Traditions and curiosities
If you are in love with Italy and adore the idea of an authentic Italian wedding, then its worth throwing in a few of the Italian wedding traditions. Not only does it make it fun for your family and guests, but its also nice to have a mix of your own traditions and Italian ones.
Just as with food and dialect, wedding traditions vary from region to region. Here are a few ideas to start with.
Calabria: The southern Italians are ‘wild over weddings’, with families save up for years to help the bride and groom. Southern weddings are usually very long with many food courses; the wedding day often starts with a wedding breakfast at a family home, then onto the church, then onto the reception where eating and dancing continue to the early hours. In the south the bride’s veil needs to be as long as the years of love before getting married: one meter for each year of their engagement.
Campania: The tradition of the “serenade” is still alive and well in Campania. In this region, the night before the wedding the groom will stand beneath the balcony of his beloved and sing local love songs. Once she turns on the light and looks down from the balcony, she is considered to have accepted her betrothed’s proposal in public. From there the party continues with songs and good food, usually offered by the bride’s parents. Similarly, every year in early August the Festival of the Serenade sees balconies adorned with flowers; these are the houses of those girls awaiting their suitors. At the end of the festival, each boy will climb the balcony and bring a red token of his love, and in return will be granted a kiss.
Emilia Romagna: in the Bologna area confetti are usually replaced by zuccherini, ring-shaped white biscuits prepared by the women of the bride’s family
Lazio: In Rome the groom used to carry a piece of iron (ferro) in his pocket to ward off evil spirits, or malocchio.
Puglia: Pulian weddings are legendarily long and food is always abundant and often given as a present as well. Guests who cannot make it to the wedding, will receive a selection of pastries or ice cream after the wedding day
Sardinia: In Sardinia, guests hurl crockery at the newly married couple in the symbolic tradition of ‘breaking the plate’! The plate is full of five items: grains (symbolizing abundance), salt (symbolizing wisdom), rose petals (symbolizing tenderness), candy (symbolizing sweetness), and money (symbolizing richness). Sardinian tradition says you break the plate and throw its contents onto the bride and groom, and in so doing you symbolically pass these same qualities (abundance, wisdom, tenderness, sweetness and richness) onto the bride and groom and their life as a married couple.
Sicily: Where two ceremonies take place, both a civil and a religious ceremony, the religious is considered to be more significant. The groom still does not consider himself married until after the church wedding. The bride arrives at the church on horseback, with the ceremony frequently taking place at night, and the way being lit with torches.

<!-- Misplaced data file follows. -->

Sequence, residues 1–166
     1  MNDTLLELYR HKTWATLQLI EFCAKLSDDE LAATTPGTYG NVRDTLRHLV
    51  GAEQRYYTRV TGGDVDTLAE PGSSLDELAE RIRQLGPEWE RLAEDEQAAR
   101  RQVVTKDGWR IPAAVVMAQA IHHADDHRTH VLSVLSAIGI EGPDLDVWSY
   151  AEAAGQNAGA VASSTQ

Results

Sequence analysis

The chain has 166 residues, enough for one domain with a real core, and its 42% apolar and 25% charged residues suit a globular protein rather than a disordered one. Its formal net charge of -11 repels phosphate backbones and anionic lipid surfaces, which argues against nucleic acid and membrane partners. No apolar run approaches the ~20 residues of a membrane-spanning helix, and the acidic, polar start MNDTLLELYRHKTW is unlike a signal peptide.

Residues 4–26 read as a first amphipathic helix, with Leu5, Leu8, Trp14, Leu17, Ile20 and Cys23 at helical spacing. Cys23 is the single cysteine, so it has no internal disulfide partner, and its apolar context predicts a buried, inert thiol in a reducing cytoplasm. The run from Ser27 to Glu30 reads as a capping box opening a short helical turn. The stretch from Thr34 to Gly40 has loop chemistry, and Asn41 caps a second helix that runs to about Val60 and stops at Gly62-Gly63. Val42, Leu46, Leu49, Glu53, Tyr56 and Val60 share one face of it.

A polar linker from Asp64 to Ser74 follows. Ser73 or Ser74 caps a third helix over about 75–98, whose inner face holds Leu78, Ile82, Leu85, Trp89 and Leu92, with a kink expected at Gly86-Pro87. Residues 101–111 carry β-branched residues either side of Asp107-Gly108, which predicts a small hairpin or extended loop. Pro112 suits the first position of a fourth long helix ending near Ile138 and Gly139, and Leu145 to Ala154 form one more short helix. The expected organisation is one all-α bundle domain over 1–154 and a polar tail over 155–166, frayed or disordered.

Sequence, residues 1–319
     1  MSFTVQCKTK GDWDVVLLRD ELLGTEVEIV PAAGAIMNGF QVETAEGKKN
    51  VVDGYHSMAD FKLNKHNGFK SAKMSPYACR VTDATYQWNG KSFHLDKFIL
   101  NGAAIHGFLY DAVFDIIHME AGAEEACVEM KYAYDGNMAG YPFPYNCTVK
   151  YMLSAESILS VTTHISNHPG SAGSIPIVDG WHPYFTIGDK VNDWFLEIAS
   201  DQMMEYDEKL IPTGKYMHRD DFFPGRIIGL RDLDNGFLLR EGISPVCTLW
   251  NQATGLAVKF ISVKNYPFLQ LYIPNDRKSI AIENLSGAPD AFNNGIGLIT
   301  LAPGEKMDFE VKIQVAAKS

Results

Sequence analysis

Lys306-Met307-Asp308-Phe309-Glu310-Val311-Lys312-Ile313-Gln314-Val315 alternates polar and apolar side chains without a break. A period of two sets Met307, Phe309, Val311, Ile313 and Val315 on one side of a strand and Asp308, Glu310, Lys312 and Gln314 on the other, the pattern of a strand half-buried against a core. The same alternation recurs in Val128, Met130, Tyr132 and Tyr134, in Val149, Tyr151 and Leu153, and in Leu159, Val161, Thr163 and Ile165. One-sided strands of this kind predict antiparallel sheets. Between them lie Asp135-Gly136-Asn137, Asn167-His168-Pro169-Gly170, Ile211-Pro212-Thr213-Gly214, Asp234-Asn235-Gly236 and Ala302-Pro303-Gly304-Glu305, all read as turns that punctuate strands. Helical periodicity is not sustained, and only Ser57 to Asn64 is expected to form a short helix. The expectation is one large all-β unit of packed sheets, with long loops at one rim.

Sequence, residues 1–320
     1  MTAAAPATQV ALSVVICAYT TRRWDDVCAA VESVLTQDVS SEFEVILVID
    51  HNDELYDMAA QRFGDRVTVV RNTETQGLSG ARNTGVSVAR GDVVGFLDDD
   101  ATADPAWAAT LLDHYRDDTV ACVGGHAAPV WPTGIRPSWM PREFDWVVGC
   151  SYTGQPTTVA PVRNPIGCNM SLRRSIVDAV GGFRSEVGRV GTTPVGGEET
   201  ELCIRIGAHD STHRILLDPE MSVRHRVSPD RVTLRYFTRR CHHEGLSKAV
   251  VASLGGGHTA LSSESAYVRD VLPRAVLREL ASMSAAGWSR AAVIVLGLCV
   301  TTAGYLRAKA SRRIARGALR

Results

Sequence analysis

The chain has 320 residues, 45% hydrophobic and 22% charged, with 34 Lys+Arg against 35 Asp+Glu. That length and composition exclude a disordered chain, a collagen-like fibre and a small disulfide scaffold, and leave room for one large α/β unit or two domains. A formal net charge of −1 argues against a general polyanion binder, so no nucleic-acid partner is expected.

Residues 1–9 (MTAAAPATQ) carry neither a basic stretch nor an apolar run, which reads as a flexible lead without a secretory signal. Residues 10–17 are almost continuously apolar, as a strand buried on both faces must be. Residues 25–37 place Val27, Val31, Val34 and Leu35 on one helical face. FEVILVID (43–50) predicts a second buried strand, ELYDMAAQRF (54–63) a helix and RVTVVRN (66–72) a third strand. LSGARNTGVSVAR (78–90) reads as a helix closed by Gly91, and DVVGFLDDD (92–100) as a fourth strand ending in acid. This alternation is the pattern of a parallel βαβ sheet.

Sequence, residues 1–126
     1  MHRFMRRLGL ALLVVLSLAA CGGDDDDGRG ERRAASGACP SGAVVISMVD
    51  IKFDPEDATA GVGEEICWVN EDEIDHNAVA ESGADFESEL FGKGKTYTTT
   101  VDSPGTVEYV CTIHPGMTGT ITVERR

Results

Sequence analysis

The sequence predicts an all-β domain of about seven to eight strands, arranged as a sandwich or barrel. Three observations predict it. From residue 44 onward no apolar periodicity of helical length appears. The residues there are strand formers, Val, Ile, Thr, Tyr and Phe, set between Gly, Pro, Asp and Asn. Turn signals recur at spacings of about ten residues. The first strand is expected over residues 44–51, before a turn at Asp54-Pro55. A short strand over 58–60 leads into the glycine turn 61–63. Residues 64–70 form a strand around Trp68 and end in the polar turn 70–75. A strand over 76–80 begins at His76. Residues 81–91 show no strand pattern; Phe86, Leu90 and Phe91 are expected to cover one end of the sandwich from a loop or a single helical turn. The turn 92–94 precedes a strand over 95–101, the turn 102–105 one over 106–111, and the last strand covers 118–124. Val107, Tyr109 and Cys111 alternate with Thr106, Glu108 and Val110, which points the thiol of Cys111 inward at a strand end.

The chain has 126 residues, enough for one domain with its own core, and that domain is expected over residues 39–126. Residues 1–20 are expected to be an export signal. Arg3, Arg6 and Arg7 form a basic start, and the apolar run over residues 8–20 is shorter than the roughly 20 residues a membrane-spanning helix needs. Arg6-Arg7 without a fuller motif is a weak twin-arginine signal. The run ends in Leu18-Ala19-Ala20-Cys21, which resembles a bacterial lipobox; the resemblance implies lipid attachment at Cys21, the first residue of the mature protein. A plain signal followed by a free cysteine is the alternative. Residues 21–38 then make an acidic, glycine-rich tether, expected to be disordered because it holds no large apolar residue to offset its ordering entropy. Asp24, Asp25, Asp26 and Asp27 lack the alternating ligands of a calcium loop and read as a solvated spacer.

Food being of utmost importance, the presence of a dessert table is of utmost importance and originates from the “Venetian hour,” a Sicilian tradition of having an array of pastries, fruits, cakes in great quantities.
Tuscany: Some of the oldest traditions dating back to the 19th century are no longer followed today, yet are very interesting, particularly in how they differ from region to region. For instance, years ago, in Tuscany, the bride wore a black wedding dress and a white hat, and carried a fan, even in the winter months. Since no unmarried girl was allowed to witness a wedding ceremony, the bride’s “bridesmaids” consisted of married women, who accompanied her to the church.
Umbria: a bride walking from her home to the church would find her way barred by guests, and would need to pay a fine (in coins or confetti) to have it cleared
Veneto: In Venice the custom was for the bride to walk to Church in her second-best wedding dress, saving her finest gown for the wedding dance at the reception, which was held later in the day or evening. In the procession to church, the bride walked on the canal side, arm in arm with the “compare,” and the groom walked behind her, arm in arm with the “comare.”
Today many brides carry on the same or similar version of the Italian custom of “buste,” where she carries a small satin bag (la borsa), and guests place envelopes with money inside. Sometimes the bride wears it and dances with the guests in exchange.
Almost all Italian newlyweds today celebrate the custom of giving their guests a small gift known as a confetti bomboniera. This tradition dates back to roman times, and the bomboniera consists of five or seven (always an odd number for luck) sugar-coated almonds wrapped in tulle or netting with ribbons. This symbolizes family life, as well as health, happiness, prosperity, fertility, and a long life together.
In recent years, it is widely used that the bride at the end of the reception carries a basket with bomboniera and gives them out to guests to thank them for attending.